As the graphic above suggests … these are my opinions.
Yours may vary.
As a Reference Model … It Gets In Its Own Way
And that’s the Shame.
While it actually represents something I am in total support of – other than the use of numbers – the fact that it takes a blend of learning modes and media – something I too have been promoting, writing about, presenting about – since the early 1980s – the numbers get in the way IMO.
70:20:10 simply gets in its own way.
Especially for a reference model.
There are many definitions of this model/framework/thing … here is mine thanks to Ryan Tracey (you’ll see why later).
My definition of 70:20:10
A Reference Model regarding Workplace Learning with a focus on leveraging Experience, Exposure to others, and Formal Education.
So far – I like what I wrote. Except for … the numbers … in what is being defined here.
But first … what’s a Reference Model?
Reference Model (from Wikipedia)
A reference model in systems, enterprise, and software engineering is an abstract framework or domain-specific ontology consisting of an interlinked set of clearly defined concepts produced by an expert or body of experts in order to encourage clear communication.
The model – and what I’ve read about it – which isn’t as thorough as it could be … but I tire of chasing windmills at times – doesn’t do enough to suggest, what it means to suggest – that a blend is required.
It’s kinda that simple.
Here is a video providing an overview.
… In Order to Encourage Clear Communication
From a Response to the online article:
“I feel this article has missed the fundamental point of the 70:20:10 reference model.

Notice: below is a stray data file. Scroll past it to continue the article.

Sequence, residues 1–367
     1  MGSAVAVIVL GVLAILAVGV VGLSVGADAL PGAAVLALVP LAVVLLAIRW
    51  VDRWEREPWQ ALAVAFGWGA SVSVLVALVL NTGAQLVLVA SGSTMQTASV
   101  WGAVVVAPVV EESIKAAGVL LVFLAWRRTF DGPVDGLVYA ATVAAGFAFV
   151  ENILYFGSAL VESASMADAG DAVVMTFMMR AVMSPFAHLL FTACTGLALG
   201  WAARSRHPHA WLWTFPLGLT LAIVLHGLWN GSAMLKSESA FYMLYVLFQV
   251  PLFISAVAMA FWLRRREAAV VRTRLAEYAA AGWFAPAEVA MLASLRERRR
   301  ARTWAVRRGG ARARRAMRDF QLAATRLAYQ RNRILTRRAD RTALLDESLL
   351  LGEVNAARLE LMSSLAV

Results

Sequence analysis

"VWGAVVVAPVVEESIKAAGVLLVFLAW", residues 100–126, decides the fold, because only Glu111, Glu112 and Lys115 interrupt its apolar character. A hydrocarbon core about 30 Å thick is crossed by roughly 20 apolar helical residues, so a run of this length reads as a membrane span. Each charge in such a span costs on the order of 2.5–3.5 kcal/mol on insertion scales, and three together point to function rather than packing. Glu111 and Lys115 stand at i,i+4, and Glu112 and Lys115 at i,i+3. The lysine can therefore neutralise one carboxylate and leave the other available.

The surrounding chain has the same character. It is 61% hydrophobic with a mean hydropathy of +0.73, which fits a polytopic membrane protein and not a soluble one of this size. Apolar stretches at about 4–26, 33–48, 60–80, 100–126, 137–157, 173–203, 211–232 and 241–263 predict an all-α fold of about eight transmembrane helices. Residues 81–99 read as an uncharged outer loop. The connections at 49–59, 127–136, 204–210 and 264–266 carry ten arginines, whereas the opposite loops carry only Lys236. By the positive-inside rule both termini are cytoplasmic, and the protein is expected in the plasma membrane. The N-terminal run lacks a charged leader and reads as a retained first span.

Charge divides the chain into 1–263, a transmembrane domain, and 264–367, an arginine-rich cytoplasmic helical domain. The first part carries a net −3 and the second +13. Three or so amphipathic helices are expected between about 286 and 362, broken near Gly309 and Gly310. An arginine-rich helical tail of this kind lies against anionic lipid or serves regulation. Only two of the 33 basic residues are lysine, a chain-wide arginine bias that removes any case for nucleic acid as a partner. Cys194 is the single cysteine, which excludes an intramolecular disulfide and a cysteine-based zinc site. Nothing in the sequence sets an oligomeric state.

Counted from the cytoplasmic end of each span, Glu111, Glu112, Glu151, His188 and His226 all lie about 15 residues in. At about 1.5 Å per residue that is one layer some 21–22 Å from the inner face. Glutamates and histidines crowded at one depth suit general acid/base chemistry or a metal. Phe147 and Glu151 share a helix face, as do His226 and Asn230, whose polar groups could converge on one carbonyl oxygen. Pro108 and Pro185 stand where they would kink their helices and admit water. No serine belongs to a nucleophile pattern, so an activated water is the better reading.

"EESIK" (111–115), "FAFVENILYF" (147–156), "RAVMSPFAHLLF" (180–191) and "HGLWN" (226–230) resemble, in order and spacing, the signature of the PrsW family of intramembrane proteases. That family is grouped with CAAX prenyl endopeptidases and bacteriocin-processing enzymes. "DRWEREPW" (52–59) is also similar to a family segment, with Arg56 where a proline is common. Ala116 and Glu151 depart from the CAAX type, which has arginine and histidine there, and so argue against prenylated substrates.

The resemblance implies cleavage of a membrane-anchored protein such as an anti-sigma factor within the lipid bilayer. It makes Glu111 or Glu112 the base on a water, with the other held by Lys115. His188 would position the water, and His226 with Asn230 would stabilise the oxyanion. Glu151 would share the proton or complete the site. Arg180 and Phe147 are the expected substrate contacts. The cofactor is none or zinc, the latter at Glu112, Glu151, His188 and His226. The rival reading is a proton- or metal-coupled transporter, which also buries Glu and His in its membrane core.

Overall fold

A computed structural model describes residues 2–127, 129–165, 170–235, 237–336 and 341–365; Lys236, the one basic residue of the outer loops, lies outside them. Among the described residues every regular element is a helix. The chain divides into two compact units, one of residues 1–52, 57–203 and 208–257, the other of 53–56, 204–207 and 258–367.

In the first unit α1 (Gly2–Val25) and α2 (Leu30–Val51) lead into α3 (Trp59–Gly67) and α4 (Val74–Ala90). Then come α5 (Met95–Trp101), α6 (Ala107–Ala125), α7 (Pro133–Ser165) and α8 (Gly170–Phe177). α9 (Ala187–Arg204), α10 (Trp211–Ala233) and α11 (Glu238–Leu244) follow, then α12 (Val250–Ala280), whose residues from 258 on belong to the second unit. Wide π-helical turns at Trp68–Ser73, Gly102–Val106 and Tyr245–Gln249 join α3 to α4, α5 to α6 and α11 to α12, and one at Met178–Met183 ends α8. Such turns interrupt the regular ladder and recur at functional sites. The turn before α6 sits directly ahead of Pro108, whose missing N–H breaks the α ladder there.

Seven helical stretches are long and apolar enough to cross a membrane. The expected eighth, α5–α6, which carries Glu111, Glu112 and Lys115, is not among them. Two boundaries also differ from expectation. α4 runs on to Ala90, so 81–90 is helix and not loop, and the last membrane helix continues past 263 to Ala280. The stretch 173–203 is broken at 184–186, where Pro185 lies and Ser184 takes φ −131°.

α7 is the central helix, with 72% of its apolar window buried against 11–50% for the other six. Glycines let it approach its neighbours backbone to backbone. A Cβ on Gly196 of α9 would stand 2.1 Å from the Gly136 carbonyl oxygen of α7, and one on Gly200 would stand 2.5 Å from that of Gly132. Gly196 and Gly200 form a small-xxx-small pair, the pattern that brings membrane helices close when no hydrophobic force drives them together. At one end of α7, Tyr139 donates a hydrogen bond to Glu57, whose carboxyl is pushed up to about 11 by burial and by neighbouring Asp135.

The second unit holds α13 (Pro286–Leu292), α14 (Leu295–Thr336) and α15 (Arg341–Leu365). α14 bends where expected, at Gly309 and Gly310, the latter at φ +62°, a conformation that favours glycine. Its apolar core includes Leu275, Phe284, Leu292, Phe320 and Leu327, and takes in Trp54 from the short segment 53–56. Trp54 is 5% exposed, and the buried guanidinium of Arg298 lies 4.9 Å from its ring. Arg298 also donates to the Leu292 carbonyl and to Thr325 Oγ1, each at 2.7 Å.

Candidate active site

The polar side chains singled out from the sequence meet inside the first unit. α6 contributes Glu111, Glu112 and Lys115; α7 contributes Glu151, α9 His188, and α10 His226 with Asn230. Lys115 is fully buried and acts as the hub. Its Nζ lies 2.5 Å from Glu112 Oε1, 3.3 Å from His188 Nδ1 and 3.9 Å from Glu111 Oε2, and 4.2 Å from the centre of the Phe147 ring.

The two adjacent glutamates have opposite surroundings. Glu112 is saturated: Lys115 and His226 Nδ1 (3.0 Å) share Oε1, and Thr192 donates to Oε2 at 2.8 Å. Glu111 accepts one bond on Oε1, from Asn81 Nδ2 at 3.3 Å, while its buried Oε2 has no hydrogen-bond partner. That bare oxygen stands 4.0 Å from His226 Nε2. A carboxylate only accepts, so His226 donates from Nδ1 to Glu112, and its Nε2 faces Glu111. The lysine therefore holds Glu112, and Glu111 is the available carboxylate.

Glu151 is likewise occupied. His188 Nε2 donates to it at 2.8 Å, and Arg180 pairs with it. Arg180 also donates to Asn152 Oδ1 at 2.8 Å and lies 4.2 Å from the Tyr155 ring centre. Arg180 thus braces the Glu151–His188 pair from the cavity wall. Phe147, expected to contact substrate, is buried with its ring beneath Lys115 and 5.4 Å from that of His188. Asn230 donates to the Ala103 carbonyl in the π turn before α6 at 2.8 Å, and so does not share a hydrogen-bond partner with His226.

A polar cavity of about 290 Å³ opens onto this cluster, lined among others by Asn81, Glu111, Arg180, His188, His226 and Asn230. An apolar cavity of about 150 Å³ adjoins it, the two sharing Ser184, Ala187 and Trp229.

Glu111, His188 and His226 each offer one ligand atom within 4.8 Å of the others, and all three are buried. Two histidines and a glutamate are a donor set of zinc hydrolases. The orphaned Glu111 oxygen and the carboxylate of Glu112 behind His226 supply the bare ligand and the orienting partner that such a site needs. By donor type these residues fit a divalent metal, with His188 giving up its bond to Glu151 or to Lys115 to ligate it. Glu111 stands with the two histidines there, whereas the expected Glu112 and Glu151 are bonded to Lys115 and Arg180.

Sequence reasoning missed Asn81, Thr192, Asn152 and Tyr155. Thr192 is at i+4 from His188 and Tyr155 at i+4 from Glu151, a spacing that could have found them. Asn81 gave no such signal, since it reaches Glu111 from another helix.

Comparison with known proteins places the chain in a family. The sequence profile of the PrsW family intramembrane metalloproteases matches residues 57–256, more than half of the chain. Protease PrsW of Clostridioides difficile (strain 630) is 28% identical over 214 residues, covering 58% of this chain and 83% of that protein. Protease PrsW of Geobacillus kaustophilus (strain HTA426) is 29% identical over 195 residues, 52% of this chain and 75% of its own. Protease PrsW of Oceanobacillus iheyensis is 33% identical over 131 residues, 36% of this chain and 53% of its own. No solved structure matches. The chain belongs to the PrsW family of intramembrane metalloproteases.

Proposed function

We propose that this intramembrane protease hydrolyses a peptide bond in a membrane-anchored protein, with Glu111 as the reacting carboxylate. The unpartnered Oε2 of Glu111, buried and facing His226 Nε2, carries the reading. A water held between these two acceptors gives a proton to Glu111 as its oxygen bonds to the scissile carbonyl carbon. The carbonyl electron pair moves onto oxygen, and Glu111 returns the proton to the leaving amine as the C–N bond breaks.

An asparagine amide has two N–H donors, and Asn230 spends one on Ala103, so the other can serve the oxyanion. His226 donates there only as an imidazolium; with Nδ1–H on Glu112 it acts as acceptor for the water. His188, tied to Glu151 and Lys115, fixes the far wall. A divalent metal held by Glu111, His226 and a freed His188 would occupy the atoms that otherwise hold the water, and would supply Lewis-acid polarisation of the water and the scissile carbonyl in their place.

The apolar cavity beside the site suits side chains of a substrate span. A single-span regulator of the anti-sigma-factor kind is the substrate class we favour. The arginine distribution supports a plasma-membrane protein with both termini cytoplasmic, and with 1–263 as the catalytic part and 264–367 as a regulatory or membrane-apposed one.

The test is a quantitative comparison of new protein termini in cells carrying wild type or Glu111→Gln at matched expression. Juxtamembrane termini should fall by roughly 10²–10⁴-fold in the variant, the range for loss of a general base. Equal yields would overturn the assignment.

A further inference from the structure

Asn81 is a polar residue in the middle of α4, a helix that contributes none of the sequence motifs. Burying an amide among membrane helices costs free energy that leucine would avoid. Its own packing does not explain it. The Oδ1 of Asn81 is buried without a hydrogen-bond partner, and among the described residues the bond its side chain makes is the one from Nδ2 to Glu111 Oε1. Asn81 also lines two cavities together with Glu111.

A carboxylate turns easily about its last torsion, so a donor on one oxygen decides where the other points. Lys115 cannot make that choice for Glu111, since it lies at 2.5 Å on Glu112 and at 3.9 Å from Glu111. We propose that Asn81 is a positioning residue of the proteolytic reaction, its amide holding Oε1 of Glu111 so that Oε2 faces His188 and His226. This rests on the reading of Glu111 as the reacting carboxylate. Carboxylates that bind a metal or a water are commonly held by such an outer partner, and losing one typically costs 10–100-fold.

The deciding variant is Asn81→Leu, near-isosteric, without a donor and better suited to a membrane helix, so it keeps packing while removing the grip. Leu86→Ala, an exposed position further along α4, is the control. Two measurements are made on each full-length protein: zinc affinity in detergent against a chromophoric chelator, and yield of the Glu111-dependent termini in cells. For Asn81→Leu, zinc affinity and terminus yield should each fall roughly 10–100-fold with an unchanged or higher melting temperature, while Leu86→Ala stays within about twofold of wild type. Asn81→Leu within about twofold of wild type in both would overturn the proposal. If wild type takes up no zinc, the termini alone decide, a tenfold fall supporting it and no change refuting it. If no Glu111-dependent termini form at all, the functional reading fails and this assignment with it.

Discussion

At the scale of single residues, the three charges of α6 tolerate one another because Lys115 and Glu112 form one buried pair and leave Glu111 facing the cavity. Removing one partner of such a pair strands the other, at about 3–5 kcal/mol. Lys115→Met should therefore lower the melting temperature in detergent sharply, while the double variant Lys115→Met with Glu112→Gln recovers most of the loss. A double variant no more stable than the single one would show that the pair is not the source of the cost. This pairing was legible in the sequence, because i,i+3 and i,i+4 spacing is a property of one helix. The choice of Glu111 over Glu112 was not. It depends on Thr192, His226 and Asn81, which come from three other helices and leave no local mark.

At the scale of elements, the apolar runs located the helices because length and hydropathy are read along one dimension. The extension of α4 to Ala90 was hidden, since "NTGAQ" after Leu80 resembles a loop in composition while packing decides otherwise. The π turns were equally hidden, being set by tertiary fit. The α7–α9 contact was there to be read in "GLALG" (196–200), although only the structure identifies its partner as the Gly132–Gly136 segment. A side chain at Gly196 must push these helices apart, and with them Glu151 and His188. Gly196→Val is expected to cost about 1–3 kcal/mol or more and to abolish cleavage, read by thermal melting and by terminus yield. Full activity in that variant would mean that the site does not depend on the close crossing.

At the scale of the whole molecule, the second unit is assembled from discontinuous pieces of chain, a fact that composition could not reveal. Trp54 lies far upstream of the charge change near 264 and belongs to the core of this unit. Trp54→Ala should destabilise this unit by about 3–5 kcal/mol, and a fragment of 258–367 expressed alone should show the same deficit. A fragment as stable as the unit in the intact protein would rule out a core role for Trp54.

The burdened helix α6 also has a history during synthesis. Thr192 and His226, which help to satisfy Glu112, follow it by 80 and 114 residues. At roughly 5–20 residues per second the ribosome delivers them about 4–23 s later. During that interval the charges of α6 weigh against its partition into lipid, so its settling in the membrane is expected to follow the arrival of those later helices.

There is no ‘magic number’ organisations should be striving for in their learning strategy. The point is that we all learn most of what helps us do our jobs well in the ’20’ and ’70’ spheres – as part of our daily workflow.”
If the first thing one needs to do with one’s Reference Model is dismiss it – that’s a problem. That’s the lead in the video above too.
It’s really just a branding mistake – so it is recoverable IMO.
Why is it a mistake? Because of the key audience for this message – for one thing.
Executives have known about SixSigma for over 30 years now. They generally get that it represents an improvement process to improve variation in both process and products/services. Executives live by the numbers … rightly or wrongly.
It’s a number … SixSigma. It carries the meaning of a number … something measurable.
It means: Only 4 mistakes out of a million opportunities at success/failure.
Oh, by the way, the brakes on your airliner are produced at higher quality levels … somewhere I read they were at 9 sigma, or was it 12 sigma? Mo better than SixSigma. In case you are reading this just before landing.
I suggest that you not throw out numbers unless you mean numbers.
It’s that simple.
And while we’re at it … don’t toss out acronyms that sound cool bit mislead. ROE as an example. Pardon the digression … another windmill.
Clear Communications – Not
Prospect: “And your 70-20-10?”suggests what about learning….?
Proponent: “No, just ignore the numbers. It’s more about less formal and more social and experiential learning.”
Prospect: “Ah. The 10 and 20 and 70…?)
Proponent: “No, just ignore the numbers. It’s not about the numbers”
Prospect: “Hmm.Why use numbers … if it’s not about the numbers?
Proponent: “It’s simply a reference model. It means to suggest that we all learn most of what helps us do our jobs well in the ’20’ and ’70’ spheres – as part of our daily workflow.”
But Is That Even True?
“…we all learn most of what helps us do our jobs well in the ’20’ and ’70’ spheres…”
I don’t think so … not all alone … not without 3 critical ingredients IMO.
“The ‘numbers’ and ratios are not some type of target. Nor are the categories – experience, exposure to others, and formal education – a way to separate learning. They are, in fact, a way to extend our thinking about learning and improving performance as a continuum rather than as a series of courses or programmes. Creating cultures of continuous development.” – Charles Jennings